It's crazy to think that we came into this season wondering if Pascal Siakam could be an All-Star.
While he earned some All-Star consideration with his play last season, there was skepticism as to whether or not he had another Most Improved Player-type leap in him, this time to be the No. 1 option on a Toronto Raptors team that still had plans of competing even without Kawhi Leonard and Danny Green.
Now, of course, we know.
Not only was Siakam named an All-Star for the first time in his career, he was voted in as a starter alongside the likes of LeBron James, Giannis Antetokounmpo, Luka Doncic and Kawhi Leonard. It's fair to wonder if he's capable of being the true No. 1 option on a championship contender, but Siakam has asserted himself as one of the league's best players with his play this season, not just one of its rising stars.
His stats speak for themselves. Siakam finished the regular season averaging 22.9 points, 7.3 rebounds and 3.5 assists on 45.3 percent shooting from the field and 35.9 percent from 3-point range. The Raptors have been a different team with him on the court, going from scoring 111.8 points per 100 possessions with him in the lineup to 107.2 with him on the bench, which represents the largest differential on the roster.
Combine all of those numbers with Toronto's 53-19 record, and Siakam has a strong case to make one of the three All-NBA Teams.
MORE: Siakam earning All-NBA could complicate matters for Raptors
The only part of Siakam's offensive game that has taken a hit since last season has been his efficiency, but that was to be expected given how much his role has changed.
As I wrote around Thanksgiving, Siakam has basically turned himself into a completely new player for the third season in a row. Back in 2017-18, he generated the bulk of his scoring on spot-ups and in transition. It was a similar case last season, although he started to dabble in creating some of his own offence, mostly in the post.
This season, Siakam is doing a little bit of everything.
He's still generating a large chunk of his offence in transition and on spot-ups, but Siakam has basically doubled the frequency with which he's scoring in isolation and pick-and-roll. He ranks around the league average in efficiency on those plays, an impressive feat considering this is the first time in his career that he's been the focal point of the offence.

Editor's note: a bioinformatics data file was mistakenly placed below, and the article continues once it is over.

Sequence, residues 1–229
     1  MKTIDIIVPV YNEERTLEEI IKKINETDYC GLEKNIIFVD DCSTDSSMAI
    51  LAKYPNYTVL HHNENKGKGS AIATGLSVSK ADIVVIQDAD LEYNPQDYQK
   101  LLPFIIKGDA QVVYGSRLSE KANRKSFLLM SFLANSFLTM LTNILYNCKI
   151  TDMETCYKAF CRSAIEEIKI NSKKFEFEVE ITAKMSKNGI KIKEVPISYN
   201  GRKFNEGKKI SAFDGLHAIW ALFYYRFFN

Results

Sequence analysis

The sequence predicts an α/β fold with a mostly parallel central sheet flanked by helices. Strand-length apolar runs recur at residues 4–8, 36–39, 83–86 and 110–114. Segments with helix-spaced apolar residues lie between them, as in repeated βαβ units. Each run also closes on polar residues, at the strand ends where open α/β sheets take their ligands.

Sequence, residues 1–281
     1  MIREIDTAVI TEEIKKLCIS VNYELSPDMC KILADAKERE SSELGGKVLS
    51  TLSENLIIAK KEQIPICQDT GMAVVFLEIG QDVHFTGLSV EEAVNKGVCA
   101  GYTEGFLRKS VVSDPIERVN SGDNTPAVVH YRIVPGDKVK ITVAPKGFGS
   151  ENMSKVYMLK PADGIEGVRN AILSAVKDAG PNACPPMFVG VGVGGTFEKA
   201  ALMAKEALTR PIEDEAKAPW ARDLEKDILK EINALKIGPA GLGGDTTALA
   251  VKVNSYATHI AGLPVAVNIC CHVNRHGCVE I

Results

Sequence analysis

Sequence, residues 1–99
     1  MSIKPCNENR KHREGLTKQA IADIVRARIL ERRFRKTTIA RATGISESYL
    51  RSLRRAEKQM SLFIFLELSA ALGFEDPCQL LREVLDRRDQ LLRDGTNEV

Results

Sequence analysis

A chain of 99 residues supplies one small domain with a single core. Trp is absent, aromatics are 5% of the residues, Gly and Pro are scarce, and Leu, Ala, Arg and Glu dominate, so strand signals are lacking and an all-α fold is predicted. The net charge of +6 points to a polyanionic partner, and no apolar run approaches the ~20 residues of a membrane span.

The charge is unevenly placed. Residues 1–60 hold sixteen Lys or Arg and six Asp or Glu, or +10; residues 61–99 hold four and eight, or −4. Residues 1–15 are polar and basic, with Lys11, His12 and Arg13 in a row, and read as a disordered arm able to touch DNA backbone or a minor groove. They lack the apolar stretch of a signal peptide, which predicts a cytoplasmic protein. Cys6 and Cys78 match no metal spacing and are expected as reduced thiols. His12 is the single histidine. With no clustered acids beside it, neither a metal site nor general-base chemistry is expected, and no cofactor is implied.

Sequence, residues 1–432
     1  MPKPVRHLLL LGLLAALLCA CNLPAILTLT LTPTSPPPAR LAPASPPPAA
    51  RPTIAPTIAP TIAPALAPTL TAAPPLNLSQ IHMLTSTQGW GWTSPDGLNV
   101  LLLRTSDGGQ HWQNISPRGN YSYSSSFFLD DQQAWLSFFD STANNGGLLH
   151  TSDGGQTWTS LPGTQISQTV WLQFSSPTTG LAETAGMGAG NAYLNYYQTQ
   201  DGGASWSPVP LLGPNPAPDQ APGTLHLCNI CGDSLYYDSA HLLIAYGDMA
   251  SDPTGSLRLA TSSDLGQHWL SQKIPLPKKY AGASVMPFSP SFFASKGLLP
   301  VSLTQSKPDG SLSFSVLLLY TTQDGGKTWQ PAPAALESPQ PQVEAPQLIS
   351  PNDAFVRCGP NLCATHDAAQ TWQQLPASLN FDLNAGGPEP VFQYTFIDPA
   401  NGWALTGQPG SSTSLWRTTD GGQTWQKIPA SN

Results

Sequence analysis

Blake Murphy of The Athletic put it best recently: "Siakam's true shooting percentage has dropped from 62.8 to 55.9 this year, taking him from an elite scorer in a moderate role to a moderate scorer in an elite role." With his four-year, $129 million extension kicking in next season, the hope is Siakam will continue to improve as a scorer in an elite role in the years to come. What's important is that he's proven this season that he can handle a star-like usage.
Siakam's evolution as a shooter has played a big role in his growth as a scorer.
Last season, almost all of his 3-pointers came in the corners and were set up by one of his teammates. It's something the Philadelphia 76ers exposed in the Eastern Conference Semifinals, as Joel Embiid essentially ignored Siakam when he had the ball outside of the paint, daring him either to settle for jump shots he wasn't comfortable taking or challenge one of the league's best defenders at the rim.
MORE: How much better can Siakam get?
The need for Siakam to expand his range as a shooter was the focus of one of our Summer Workout Plans for him because it gave other teams the blueprint for slowing him down. He's done just that, blossoming into a more versatile 3-point shooter, one who can create his own 3s. According to NBA.com, he has gone from making a total of two unassisted 3-pointers last season to 44 this season. Instead of being limited to spot-ups in the corners, Siakam has shown that he can make off the dribble 3s from above the break.
Siakam put that side of his game on full display in a win over the New York Knicks at the midpoint of the season. Up by three points with under a minute to play, he drained a pull-up 3-pointer from above the break to ice the game. It's not a shot he would've thought about taking last season, even if the game wasn't on the line.
Give it to Siakam and get out the way.- Bleacher Report NBA (@BR_NBA) January 25, 2020
Dagger at the Garden 💥 pic.twitter.com/BW7HJxcQDo
That's not to say it's been a flawless season from Siakam. As I alluded to at the top, he still has a ways to go before he's a true No. 1 option on a championship contender.
Our Micah Adams covered in detail how Siakam has struggled to elevate his game against the best of the best following Toronto's loss to the Milwaukee Bucks not long before the season was suspended. The next step is for him to get to a point where he can go toe-to-toe with the likes of James, Antetokounmpo and Leonard in addition to beating up on the likes of the Knicks, New Orleans Pelicans, Atlanta Hawks and Phoenix Suns.
The playoffs will be a big test for him in that regard.
"We expect him to take an even bigger jump come playoff time," Raptors head assistant coach Adrian Griffin told Adams over All-Star Weekend. "Teams are going to send multiple bodies at him and he's going to have to be able to navigate it."
Will he be able to navigate it? Time will tell, but it shouldn't take away from how well Siakam has played to this point of the season. After all, we came into this season wondering if he could be an All-Star. It didn't take him long to silence anyone who doubted that he could get there.
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